I distrust clichés such as “Westminster village”, but there are occasions when they fit. Within the space of an afternoon a relatively small number of people - MPs, broadcasters, journalists, party hacks - gathered within a relatively confined space and, communicating mostly with each other, worked each other up into a clear, sharp and settled judgment on the question of the hour. By now it was almost unanimous. The judgment was conveyed electronically to the offices of the national press, bouncing back at Westminster in the form of vituperative editorials and opinion columns by dawn the next morning.
Thus, by echo, a single opinion reinforced and magnified itself. David Davis had acted eccentrically. He had acted independently. He had acted dangerously, self-interestedly. He had been profoundly unhelpful to his Tory team.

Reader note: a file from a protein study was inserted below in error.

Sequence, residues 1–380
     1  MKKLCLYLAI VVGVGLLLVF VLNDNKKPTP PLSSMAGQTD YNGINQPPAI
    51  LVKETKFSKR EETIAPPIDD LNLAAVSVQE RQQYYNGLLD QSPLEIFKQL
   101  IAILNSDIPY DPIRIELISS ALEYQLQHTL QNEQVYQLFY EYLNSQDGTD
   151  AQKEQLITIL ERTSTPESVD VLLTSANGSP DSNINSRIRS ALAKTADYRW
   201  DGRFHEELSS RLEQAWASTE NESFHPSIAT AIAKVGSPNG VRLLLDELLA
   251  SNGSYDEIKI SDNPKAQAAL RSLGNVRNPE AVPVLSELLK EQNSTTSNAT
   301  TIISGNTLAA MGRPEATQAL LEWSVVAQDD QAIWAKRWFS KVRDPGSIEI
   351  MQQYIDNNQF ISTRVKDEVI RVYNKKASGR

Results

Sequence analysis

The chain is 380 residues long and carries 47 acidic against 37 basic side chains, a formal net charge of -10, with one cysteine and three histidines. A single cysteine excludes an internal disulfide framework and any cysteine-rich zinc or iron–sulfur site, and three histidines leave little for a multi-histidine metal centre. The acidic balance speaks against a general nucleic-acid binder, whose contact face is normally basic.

None of these accusations do I dispute. Had I been one of Mr Davis's confidants, I would have tried hard to dissuade him from taking a risky and exotic stand that makes doubtful constitutional sense, and can alter little about his country except the way that it sees him.
But there is one big assumption that I do dispute - that the electorate will not be impressed. Theirs is a voice that was not heard, asked for or even mentioned as Westminster, Broadcasting House and Fleet Street whipped themselves into a frenzy on Thursday afternoon.
Although I wouldn't bet on it, this Tory maverick may touch a surprisingly popular nerve.